One Last Look Back at A Very Good Year

I am reflecting on this past year of the DEG with my feet propped up, iPad in my lap, a cold libation in hand – and I am smiling.

Our industry and Association are critical to the advancement of humankind and a bridge for international relationships while growing increasingly in environmental sync with our planet. We have good people doing good work for a good cause.

I am smiling because I know that the DEG has been a large part of this effort.

Consider these successes:

Our membership has grown by 15 percent.

Our AAPG members see the value of environmental considerations in oil and gas production – and especially in unconventionals. This growth has been both in the United States and internationally.

Our technical sessions during the ACE, ICE and Section meetings were very well attended – often standing room only – with important, useful and relevant topics.

And our luncheons and speakers have been outstanding.

Our DEG leadership team has completed the draft of a white paper on hydraulic fracturing that is eagerly awaited by many as a potential tool.

There is increasing readership and citations of Environmental Geosciences because of the quality of our technical content, and our field trips and short courses are well-attended.

We have a special topics technical symposium planned for 2015 on the environmental considerations of hydraulic stimulation.

Our DEG Executive and Advisory committees are committed, active and engaged in the organization, government and industry, and are comprised of highly qualified individuals who work effectively as a team. This is a gift to any organization.

And lastly …

Our members are actively engaging the public by providing knowledge and skills supporting environmental considerations for improved and efficient oil and gas production.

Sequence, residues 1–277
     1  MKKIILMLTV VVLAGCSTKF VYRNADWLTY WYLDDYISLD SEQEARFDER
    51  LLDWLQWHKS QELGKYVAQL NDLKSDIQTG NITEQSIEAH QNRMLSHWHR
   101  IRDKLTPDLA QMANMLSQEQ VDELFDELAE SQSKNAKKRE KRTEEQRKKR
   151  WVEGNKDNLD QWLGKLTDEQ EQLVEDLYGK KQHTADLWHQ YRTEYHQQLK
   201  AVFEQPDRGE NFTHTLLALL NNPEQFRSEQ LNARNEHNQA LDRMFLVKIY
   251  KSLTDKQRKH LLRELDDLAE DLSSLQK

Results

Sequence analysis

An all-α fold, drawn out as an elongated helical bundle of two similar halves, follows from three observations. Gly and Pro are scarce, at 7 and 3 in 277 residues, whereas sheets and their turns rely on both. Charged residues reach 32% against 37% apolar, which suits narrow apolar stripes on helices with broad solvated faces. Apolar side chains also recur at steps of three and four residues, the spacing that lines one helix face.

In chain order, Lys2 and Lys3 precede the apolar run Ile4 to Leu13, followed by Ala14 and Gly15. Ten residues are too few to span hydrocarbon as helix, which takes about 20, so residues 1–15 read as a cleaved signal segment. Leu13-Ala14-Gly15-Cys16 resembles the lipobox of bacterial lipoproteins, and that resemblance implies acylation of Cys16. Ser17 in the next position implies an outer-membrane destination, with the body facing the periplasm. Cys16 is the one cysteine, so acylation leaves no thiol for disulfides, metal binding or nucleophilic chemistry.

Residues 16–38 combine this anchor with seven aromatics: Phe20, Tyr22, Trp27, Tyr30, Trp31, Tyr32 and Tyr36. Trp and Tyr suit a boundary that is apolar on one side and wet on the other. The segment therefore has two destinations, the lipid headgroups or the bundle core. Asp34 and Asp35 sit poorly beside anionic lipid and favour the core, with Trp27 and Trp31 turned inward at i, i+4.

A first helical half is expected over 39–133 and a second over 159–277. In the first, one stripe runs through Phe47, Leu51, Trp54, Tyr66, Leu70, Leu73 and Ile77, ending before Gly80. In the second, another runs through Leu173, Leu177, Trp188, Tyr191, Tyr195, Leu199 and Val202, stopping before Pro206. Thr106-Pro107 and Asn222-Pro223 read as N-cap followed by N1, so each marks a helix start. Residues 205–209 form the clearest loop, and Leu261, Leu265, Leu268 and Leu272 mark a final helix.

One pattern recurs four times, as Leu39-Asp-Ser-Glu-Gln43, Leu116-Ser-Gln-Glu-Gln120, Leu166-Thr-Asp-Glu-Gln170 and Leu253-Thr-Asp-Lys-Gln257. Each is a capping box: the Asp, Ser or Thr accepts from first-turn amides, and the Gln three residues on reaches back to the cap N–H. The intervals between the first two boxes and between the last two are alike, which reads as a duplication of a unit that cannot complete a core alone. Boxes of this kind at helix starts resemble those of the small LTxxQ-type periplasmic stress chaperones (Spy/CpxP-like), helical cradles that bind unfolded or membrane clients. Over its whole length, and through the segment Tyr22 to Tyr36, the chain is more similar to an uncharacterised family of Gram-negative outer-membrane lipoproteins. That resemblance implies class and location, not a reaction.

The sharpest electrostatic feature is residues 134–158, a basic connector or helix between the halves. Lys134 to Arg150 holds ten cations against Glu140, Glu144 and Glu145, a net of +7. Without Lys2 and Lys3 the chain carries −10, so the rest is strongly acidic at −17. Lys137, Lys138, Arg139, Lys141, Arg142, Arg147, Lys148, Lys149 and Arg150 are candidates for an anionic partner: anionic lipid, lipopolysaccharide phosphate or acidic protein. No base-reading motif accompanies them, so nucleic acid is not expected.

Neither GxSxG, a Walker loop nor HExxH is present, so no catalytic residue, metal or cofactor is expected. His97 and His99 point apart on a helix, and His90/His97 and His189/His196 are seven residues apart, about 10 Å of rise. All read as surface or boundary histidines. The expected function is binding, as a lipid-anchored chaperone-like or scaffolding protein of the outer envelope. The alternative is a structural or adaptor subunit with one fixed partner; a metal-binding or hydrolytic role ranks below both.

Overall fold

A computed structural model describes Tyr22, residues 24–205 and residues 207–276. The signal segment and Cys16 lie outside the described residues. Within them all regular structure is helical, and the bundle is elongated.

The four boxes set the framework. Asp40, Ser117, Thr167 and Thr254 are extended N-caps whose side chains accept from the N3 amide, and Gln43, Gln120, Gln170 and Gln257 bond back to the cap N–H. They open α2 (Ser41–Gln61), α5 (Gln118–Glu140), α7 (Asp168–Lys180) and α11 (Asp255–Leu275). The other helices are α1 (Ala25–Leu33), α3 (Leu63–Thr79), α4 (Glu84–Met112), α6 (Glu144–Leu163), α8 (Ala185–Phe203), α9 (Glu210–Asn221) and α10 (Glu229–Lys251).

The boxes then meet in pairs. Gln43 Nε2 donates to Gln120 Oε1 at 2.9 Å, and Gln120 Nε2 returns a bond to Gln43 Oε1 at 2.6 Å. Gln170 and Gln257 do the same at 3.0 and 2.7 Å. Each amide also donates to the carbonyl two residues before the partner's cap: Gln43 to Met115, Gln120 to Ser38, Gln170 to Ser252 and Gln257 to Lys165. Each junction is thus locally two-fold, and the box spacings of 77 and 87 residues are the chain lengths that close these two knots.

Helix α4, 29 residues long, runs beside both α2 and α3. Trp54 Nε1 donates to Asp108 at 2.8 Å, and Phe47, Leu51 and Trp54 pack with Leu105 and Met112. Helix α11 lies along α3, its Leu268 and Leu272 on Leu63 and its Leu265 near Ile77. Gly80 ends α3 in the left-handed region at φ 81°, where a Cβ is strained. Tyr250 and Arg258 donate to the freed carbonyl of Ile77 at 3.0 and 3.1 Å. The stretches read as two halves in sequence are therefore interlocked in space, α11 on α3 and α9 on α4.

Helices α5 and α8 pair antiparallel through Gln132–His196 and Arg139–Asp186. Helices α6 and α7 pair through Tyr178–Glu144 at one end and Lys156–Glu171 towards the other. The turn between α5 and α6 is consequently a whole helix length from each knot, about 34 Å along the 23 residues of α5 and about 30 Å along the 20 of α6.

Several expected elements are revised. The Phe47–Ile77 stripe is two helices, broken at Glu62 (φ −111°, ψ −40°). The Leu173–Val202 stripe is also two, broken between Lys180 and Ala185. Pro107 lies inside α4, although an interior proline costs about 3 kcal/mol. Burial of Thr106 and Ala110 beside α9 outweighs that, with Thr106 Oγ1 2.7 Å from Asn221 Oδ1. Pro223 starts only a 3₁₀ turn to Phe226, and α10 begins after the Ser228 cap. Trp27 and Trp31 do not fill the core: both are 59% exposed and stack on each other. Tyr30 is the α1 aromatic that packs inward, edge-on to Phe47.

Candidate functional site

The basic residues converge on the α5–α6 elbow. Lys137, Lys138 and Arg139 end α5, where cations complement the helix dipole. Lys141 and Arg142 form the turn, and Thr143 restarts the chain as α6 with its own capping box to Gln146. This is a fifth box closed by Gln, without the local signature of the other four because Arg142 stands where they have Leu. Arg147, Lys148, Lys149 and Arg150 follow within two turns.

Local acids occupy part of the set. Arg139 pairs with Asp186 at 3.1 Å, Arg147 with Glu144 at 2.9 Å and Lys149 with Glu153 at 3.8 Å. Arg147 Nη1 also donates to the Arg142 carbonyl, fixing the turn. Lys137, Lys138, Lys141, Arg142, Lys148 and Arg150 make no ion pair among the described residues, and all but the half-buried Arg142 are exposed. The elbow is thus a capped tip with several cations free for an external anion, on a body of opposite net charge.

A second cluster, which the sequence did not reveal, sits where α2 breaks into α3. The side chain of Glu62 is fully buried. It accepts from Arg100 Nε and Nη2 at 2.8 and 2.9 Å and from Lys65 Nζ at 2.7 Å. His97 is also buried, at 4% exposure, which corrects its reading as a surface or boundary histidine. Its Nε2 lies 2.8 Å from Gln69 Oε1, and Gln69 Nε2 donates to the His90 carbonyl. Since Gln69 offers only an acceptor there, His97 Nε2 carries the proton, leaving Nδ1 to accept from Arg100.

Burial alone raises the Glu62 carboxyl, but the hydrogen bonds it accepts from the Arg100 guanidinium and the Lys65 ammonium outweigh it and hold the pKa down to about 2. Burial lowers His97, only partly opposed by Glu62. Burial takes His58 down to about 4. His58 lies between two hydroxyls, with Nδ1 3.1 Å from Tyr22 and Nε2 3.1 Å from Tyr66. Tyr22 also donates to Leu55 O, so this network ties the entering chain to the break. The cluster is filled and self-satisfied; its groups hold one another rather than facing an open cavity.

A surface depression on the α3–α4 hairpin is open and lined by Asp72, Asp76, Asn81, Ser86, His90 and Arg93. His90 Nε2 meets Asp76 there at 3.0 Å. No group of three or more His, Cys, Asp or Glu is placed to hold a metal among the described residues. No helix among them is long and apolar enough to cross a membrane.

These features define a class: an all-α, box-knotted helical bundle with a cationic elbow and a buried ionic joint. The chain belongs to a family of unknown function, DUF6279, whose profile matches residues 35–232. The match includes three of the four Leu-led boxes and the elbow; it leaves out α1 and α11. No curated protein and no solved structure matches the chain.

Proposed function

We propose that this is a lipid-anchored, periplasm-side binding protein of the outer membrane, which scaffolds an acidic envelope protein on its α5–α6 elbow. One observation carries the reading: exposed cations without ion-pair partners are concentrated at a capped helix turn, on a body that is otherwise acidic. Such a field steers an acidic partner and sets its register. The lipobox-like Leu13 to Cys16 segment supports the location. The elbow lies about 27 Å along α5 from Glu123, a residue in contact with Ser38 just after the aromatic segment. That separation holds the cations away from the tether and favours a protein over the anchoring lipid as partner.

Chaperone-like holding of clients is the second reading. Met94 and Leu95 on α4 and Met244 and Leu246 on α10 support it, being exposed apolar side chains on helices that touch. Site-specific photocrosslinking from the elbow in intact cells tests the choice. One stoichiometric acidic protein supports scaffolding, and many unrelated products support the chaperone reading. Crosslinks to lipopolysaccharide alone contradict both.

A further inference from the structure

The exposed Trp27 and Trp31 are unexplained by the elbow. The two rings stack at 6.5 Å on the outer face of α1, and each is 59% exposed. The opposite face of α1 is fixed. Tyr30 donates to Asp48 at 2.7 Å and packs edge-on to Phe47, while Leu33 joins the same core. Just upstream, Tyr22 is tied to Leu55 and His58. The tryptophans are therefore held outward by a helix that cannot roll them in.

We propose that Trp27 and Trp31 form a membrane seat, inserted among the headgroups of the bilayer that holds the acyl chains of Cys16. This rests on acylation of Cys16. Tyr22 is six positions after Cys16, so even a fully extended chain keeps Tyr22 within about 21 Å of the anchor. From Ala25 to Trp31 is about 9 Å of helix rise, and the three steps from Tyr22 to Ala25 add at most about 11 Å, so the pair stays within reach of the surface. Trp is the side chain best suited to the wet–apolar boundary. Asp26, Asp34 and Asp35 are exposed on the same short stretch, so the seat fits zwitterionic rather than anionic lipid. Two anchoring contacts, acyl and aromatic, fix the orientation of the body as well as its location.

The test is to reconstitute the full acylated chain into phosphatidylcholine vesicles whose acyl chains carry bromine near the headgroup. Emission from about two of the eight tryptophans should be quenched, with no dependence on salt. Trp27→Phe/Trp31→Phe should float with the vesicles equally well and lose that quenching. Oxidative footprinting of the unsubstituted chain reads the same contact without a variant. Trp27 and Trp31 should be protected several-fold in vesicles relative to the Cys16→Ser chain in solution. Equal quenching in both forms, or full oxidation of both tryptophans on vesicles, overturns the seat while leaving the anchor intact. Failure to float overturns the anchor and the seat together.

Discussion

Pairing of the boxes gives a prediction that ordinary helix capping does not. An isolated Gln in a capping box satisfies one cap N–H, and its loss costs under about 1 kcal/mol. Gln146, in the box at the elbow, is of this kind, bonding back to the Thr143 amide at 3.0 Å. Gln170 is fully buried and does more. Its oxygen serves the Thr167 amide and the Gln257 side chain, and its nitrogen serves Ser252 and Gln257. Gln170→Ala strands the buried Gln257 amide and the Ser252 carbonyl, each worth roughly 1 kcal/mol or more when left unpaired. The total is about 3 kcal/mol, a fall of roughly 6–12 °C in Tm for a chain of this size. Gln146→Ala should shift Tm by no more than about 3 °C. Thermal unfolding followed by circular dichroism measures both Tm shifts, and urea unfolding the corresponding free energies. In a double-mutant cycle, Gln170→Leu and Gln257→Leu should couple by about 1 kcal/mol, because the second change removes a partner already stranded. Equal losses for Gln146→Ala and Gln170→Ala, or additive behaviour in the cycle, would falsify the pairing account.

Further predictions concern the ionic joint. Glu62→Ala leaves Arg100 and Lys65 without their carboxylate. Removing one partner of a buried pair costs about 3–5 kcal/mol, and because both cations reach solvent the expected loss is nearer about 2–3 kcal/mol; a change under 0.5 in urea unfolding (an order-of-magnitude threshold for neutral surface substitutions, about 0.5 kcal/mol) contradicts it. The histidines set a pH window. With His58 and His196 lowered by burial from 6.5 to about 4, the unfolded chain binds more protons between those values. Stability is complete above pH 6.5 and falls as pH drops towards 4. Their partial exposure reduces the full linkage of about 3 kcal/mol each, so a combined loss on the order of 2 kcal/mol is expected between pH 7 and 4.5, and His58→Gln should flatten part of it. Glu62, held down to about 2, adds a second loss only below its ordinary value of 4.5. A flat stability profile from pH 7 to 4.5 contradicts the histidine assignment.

As a final thought I was considering our name, Division of Environmental Geosciences, and researching the meaning and history of the words by which we call ourselves.

I am not sure why – maybe it’s the libation, maybe I’m just being philosophical – but the words interested me.

“Division,” from Old Latin divisio meaning “to divide,” first used in English about A.D. 1375, with a variety of modern meanings ranging from “the process or act of dividing,” “being separated out,” to “a difference of opinion that causes a separation,” to “being a smaller part of a larger whole,” and even a meaning in logic statements.

“Of” may be the most complicated word: A simple preposition, in use before A.D. 900 and a variant of Old English, German, Latin and Greek. However, it has the powerful function to indicate the relation between words and phrases.

“Environmental” is an interesting word – in our case an adjective, older than I thought, from “environs” about A.D. 1600, first used as “environment” in 1827, and first used to include a specialized ecology sense in 1956.

In general, it means “all the external conditions and circumstances surrounding a person, place or thing.” It is a very broad term.

Lastly, “Geosciences” is a new term, from 1940-45, meaning collectively any science, such as geology, geophysics, geochemistry or geodesy, concerned with the earth; an earth science.

Generally, the older the word, the more meanings it has. The various definitions of the words in the name “Division of Environmental Geosciences” can be construed as negative, neutral or positive, depending on which definitions you choose.

For the DEG, we do not want to be thought of as negative, or even neutral, but as a positive force for good within the AAPG, our industry and globally.

As a “division,” not separated from but a part of, included in the whole.

As “environmental,” the aggregate of social, cultural and ecological factors that surround us all as related to global fossil fuel production and as “geosciences,” using the skills and knowledge we have as geologists, geophysicists and geochemists to make it all happen.

The small word “of” then becomes the binding relationship that we all have between our industry, the environment and ourselves.

It has been my honor, privilege and pleasure to be your DEG president for this past year!

Comments (0)


Division Column-DEG Doug Wyatt